• July 24th 2009 @ 8:30am
        Balmain boy said | July 24th 2009 @ 8:30am | ! Report

        I think the the central point of the Kaless artticle is that the Tahu situation is just more fuel for the fire in the debate between League and Union supporters, one that has been raging since the codes split and likely to continue until one or both disappear. By way of a diversion if all contributers want a good laugh read Growden’s Ruck and Maul column in todays Sydney Morning Herald. Apparently the so called dust up between Moore and Alexander came to a halt when they saw Al Baxter advancing towards them !

        God help us all if Wallaby fontrowers are fearful of Baxter. Matfied, McCaw and company, beware..”the Glare” is fired up and coming after you !

        • July 24th 2009 @ 4:32pm
          MarkH said | July 24th 2009 @ 4:32pm | ! Report

          Tahu reeks of a SBW saga.

      • July 24th 2009 @ 9:37pm
        OldManEmu said | July 24th 2009 @ 9:37pm | ! Report

        Andy I think you may have unwittingly proven Steve’s fairly simple point.

    • July 24th 2009 @ 6:28am
      Steffy said | July 24th 2009 @ 6:28am | ! Report

      A chap who played for the union team formerly known as Jonny Wilkinson’s Newcasle Falcons last year and who was also an England Saxons (the England Union ‘A’ team) player has been given a months trial at Bradford Bulls (rugby league club) – he will be playing in the reserves side so the coaches can gauge if he is able to make the step up. No fuss, just a a few trial games to see how he goes. The rugby league writers have given him some coverage, the union writers have ignored him.

    • Roar Guru

      July 24th 2009 @ 6:41am
      Knives Out said | July 24th 2009 @ 6:41am | ! Report

      You don’t seem to know his name, Steffy. Nor do you seem to have a point, or at least a point that has any link to the article. Am I wrong?

    • July 24th 2009 @ 6:46am
      Steffy said | July 24th 2009 @ 6:46am | ! Report

      You are correst that I don’t know his name, I had never heard of him previously so his name hasn’t stuck but a quick google shows he is called John Rudd:

      The point is that Bradford are giving him a trial before signing him – no histrionics about him just a trial to see how he goes and then they will take it form there.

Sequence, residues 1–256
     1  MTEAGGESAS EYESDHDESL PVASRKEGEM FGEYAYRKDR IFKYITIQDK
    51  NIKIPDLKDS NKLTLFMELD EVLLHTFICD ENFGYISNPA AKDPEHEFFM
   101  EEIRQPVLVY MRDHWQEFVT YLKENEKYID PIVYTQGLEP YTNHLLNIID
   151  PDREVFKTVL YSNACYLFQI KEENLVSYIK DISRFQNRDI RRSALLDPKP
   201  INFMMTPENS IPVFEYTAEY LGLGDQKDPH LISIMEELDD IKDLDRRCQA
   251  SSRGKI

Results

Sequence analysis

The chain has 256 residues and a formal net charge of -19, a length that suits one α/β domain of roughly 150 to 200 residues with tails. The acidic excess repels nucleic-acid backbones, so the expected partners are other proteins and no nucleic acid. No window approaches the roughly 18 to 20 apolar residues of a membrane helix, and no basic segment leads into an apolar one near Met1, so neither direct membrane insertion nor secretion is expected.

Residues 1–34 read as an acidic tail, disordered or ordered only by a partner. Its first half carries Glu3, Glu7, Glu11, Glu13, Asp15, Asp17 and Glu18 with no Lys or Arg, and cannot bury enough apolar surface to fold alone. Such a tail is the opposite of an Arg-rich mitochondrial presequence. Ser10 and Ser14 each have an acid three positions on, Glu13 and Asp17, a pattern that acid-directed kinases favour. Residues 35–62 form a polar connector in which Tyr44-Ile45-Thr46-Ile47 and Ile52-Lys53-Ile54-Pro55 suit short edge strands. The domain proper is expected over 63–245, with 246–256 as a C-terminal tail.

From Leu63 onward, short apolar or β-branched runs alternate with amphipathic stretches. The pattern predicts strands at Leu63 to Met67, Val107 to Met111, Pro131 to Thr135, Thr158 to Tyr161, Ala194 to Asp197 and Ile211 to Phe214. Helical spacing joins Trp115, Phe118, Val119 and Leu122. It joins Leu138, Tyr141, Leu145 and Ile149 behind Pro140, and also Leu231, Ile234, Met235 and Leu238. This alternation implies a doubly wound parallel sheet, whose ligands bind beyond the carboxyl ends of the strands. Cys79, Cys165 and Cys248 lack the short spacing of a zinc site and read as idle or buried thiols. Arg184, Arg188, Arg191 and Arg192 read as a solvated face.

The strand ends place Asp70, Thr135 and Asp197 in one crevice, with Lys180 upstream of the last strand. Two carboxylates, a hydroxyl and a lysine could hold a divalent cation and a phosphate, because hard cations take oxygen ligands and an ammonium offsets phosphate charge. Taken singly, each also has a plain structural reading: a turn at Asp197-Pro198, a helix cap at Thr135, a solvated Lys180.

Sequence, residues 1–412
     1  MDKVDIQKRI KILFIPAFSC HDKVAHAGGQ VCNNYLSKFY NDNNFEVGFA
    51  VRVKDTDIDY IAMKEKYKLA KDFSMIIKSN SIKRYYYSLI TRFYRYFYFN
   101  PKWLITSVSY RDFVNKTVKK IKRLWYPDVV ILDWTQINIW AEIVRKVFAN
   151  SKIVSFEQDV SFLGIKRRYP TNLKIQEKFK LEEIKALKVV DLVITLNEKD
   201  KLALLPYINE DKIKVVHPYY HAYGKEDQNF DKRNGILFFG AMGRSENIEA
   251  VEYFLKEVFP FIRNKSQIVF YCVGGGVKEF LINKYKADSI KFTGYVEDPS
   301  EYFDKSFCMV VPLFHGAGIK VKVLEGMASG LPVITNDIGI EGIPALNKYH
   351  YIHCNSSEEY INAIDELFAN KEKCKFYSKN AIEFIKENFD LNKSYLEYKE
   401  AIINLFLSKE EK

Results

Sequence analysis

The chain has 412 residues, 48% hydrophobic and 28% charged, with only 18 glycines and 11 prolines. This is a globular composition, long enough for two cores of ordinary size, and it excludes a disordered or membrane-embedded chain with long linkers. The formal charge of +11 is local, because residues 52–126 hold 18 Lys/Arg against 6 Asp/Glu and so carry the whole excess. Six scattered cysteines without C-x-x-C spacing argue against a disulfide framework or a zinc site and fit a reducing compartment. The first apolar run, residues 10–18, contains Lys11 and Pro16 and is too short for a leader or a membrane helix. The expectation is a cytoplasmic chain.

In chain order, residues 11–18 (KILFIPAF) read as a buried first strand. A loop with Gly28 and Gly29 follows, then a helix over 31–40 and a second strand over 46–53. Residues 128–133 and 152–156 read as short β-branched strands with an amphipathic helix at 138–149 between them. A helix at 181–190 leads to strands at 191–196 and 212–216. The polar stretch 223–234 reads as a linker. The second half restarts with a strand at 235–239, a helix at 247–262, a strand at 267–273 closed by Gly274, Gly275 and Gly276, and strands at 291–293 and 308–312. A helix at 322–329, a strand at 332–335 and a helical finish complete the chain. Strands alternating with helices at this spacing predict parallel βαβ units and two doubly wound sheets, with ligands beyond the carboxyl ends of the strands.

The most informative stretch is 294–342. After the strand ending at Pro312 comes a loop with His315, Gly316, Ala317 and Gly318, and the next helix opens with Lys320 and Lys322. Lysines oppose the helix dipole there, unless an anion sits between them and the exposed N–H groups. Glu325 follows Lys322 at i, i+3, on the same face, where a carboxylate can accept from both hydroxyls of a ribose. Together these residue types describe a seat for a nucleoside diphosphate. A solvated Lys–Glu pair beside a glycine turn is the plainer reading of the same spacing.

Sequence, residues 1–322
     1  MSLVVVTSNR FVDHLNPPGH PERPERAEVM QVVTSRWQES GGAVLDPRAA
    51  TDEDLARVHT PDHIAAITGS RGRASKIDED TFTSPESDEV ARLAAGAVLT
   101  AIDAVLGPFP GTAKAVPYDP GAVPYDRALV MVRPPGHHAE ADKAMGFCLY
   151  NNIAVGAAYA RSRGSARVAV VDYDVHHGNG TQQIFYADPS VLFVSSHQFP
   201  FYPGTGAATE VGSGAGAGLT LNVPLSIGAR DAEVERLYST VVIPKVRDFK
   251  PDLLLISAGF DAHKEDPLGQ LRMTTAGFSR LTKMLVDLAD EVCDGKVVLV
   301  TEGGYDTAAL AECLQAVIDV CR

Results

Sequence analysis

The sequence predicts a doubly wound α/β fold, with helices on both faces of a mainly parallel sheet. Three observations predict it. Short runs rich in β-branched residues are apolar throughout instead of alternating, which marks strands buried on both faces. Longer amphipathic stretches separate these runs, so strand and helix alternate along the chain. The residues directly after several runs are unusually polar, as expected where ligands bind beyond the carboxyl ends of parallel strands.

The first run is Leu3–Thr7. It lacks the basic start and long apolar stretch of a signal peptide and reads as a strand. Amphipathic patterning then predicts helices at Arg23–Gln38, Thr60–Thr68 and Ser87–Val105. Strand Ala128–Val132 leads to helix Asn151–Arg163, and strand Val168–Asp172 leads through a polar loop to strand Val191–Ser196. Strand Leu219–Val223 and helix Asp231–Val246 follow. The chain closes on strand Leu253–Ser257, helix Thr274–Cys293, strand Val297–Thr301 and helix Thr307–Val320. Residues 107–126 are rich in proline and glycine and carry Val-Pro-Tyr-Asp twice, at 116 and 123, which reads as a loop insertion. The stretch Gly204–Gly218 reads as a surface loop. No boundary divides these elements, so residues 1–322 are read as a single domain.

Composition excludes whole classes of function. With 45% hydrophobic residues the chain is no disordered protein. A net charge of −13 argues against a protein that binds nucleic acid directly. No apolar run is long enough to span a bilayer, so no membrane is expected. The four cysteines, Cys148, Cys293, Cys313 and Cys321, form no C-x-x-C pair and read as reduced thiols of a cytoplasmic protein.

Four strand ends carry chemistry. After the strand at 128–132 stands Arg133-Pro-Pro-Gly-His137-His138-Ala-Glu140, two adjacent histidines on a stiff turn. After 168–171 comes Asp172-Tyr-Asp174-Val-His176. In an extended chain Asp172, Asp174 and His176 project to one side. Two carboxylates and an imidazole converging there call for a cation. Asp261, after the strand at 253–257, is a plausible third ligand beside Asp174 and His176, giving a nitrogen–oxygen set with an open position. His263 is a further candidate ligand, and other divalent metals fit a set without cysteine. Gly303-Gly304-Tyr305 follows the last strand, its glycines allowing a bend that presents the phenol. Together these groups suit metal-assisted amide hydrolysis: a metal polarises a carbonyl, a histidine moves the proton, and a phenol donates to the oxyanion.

• Roar Guru

        July 24th 2009 @ 10:58am
        Hoy said | July 24th 2009 @ 10:58am | ! Report

        Therein lies my problem when the ARU sign converts. They are given a large salary, and are played almost immediately, learning on the larger stage, and when they fail, they fail spectacularly (Tahu in SA).

        League seem to do it better by making the player earn his spot. When Manly signed hot Wallaby prospect (according to papers) Jared Whyrea Hargreaves, just after the ARC ended, I was looking forward to seeing him run around in league and was a little disappointed he went that way. I liked the look of him as a flanker. It has only been the latter stages this year where he has started off the bench for Manly. So they have actually had him down in park footy playing and learning for a long time.

        I would have no real problem if the ARU did this. I think the fanfare from the ARU or whatever province when they sign a convert is too much. They then feel the pressure to play the player before he has even figured out the differences between the games (and there are many).

        Whatever promises were made to Tahu about playing were invariably a little bit early as he just didn’t quite get the positional play for defence in his position. With ball in hand, he was great, but at best that leaves around 50% of the time when he was lost and exposed.

        • July 24th 2009 @ 11:01pm
          Tom said | July 24th 2009 @ 11:01pm | ! Report

          Good point. Manly didn’t rush him, he has played a couple of NRL games and shown that he has promise, but is not brilliant now. Of course then the Roosters came in and bought him for much more than Manly can offer. I’m sure many will relish the irony of Manly getting players they put a lot into in terms of development getting poached by other clubs.

    • Roar Guru

      July 24th 2009 @ 6:49am
      Knives Out said | July 24th 2009 @ 6:49am | ! Report

      Why would there any hyperbole? Rudd is a rugby union journeyman. What has the press coverage to do with a lack of histrionics and whom are the league press?

    • July 24th 2009 @ 6:58am
      Steffy said | July 24th 2009 @ 6:58am | ! Report

      There shouldn’t be any hyperbole, he is just a former union player having a trial period for a rugby league club. Instead of signing him without a trial and getting on to the media they have given him a trial which has been briefly covered by some rugby league writers. Compare that to all the twaddle in the aussie press about Wing signing for some hopeless Japanese works team.